would

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English[edit]

Alternative forms[edit]

Pronunciation[edit]

Verb[edit]

would

  1. As a past-tense form of will.
    1. (obsolete) Wished, desired (something). [9th-19th c.]
    2. (archaic) Wanted to ( + bare infinitive). [from 9th c.]
      • 1852, James Murdock, trans. Johann Lorenz Mosheim, Institutes of Ecclesiastical History, II.7.iii:
        The Greeks, especially those who would be thought adepts in mystic theology, ran after fantastic allegories [...].
    3. Used to; was or were habitually accustomed to ( + bare infinitive); indicating an action in the past that happened repeatedly or commonly. [from 9th c.]
      • 1898, Winston Churchill, chapter 4, The Celebrity:
        No matter how early I came down, I would find him on the veranda, smoking cigarettes, or otherwise his man would be there with a message to say that his master would shortly join me if I would kindly wait.
      • 2009, "Soundtrack of my life", The Guardian, 15 Mar 09:
        When we were kids we would sit by the radio with a tape recorder on a Sunday, listening out for the chart songs we wanted to have.
    4. Used with bare infinitive to form the "anterior future", indicating a futurity relative to a past time. [from 9th c.]
      • 1867, Anthony Trollope, Last Chronicle of Barset, ch. 28:
        That her Lily should have been won and not worn, had been, and would be, a trouble to her for ever.
      • 2011 November 5, Phil Dawkes, “QPR 2-3 Man City”, BBC Sport:
        Toure would have the decisive say though, rising high to power a header past Kenny from Aleksandar Kolarov's cross.
    5. (archaic) Used with ellipsis of the infinitive verb, or postponement to a relative clause, in various senses. [from 9th c.]
      • 1724, Daniel Defoe, Roxana, Penguin p. 107:
        He sat as one astonish'd, a good-while, looking at me, without speaking a Word, till I came quite up to him, kneel'd on one Knee to him, and almost whether he would or no, kiss'd his Hand [...].
      • 1846, "A New Sentimental Journey", Blackwoods Magazine, vol. LX, no. 372:
        If I could fly, I would away to those realms of light and warmth – far, far away in the southern clime [...].
    6. Was determined to; loosely, could naturally have been expected to (given the tendencies of someone's character etc.). [from 18th c.]
      • 1835, Charles Dickens, Sketches by Boz, V:
        Then he took to breeding silk-worms, which he would bring in two or three times a day, in little paper boxes, to show the old lady [...].
      • 2009, "Is the era of free news over?", The Observer, 10 May 09:
        The free access model, the media magnate said last week, was "malfunctioning". Well he would, wouldn't he?
  2. As a modal verb, the subjunctive of will.
    1. Used to give a conditional or potential "softening" to the present; might, might wish. [from 9th c.]
      • 2008, Mark Cocker, "Country Diary", The Guardian, 3 Nov 08:
        It's a piece of old folklore for which I would love to find hard proof.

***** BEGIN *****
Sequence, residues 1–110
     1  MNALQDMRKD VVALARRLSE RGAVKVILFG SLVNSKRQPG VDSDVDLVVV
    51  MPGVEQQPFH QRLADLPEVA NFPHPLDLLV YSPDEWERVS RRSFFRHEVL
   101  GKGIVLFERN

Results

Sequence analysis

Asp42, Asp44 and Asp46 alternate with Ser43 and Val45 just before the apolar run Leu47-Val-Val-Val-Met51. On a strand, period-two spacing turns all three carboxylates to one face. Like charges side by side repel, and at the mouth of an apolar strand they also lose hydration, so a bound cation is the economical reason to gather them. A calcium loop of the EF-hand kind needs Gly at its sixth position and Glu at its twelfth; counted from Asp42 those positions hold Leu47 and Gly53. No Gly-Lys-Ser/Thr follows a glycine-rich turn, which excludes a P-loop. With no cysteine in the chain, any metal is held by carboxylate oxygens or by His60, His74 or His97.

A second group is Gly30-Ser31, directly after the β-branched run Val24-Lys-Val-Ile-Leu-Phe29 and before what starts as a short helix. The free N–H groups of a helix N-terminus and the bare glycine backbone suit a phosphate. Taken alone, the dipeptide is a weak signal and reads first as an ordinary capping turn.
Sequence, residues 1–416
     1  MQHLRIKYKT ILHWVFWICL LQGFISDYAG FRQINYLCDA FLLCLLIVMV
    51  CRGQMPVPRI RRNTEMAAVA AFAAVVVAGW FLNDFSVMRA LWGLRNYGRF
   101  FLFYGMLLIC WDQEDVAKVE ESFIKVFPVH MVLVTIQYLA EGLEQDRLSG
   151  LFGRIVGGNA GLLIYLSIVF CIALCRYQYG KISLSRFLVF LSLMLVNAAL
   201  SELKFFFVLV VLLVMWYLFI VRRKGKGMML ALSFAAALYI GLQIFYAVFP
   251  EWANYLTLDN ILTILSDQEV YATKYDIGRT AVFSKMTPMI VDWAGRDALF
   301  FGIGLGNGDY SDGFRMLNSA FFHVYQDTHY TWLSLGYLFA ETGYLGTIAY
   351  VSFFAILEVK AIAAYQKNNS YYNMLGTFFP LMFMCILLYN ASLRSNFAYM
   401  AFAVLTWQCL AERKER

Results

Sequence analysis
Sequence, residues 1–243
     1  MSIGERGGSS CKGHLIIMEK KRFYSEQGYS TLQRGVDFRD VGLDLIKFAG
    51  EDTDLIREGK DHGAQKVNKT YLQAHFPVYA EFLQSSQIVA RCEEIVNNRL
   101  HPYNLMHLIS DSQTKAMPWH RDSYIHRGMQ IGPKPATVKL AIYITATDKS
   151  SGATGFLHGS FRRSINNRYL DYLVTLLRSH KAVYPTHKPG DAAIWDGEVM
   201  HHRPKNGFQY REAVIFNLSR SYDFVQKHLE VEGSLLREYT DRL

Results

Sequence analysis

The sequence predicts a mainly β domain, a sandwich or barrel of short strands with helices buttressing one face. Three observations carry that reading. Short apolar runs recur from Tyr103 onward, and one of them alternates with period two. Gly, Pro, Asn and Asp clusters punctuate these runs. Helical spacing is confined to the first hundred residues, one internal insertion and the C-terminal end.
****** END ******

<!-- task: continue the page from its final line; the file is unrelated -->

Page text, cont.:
2. Used as the auxiliary of the simple conditional modality (with a bare infinitive); indicating an action or state that is conditional on another. [from 9th c.]
      • 2010, The Guardian, 26 Feb 2010:
        Warnock admitted it would be the ideal scenario if he received a Carling Cup winners' medal as well as an England call-up [...].
    3. (chiefly archaic) Might wish ( + verb in past subjunctive); often used (with or without that) in the sense of "if only". [from 13th c.]
      • 1859, John Bunyan, The Pilgrim's Progress,
        I presently wished, would that I had been in their clothes! would that I had been born Peter! would that I had been born John!
      • 1868, Sir Walter Scott, Ivanhoe, ch. 23:
        I would she had retained her original haughtiness of disposition, or that I had a larger share of Front-de-Bœuf's thrice-tempered hardness of heart!
    4. Used to impart a sense of hesitancy or uncertainty to the present; might be inclined to. Now sometimes colloquially with ironic effect. [from 15th c.]
      • 2009, Nick Snow, The Rocket's Trail, p. 112:
        “Those trials are being run by the American army so surely you must have access to the documents?” “Well, yeah, you’d think.”
      • 2010, Terry Pratchett, "My case for a euthanasia tribunal", The Guardian, 2 Feb 2010:
        Departing on schedule with the help of a friendly doctor was quite usual. Does that still apply? It would seem so.
    5. Used interrogatively to express a polite request; are (you) willing to...? [from 15th c.]
      Would you pass the salt, please?
    6. (chiefly archaic) Might desire; wish (something). [from 15th c.]

Usage notes[edit]

  • As an auxiliary verb, would is followed by the bare infinitive (without to):
    John said he would have fish for dinner.
  • Would is frequently contracted to 'd, especially after a pronoun (as in I'd, you'd, and so on).
  • Indicating a wish, would takes a clause in the past subjunctive (irrealis) mood; this clause may or not be introduced with that. Most commonly in modern usage, it is followed by the adverb rather, as in I would rather that he go now. A call to a deity or other higher power is sometimes interposed after would and before the subjunctive clause, as in Would to God that []; see the citations page for examples.

Synonyms[edit]

Translations[edit]

Note: many languages express some meanings of would using a mood or tense rather than by a particular word.

Related terms[edit]

See also[edit]

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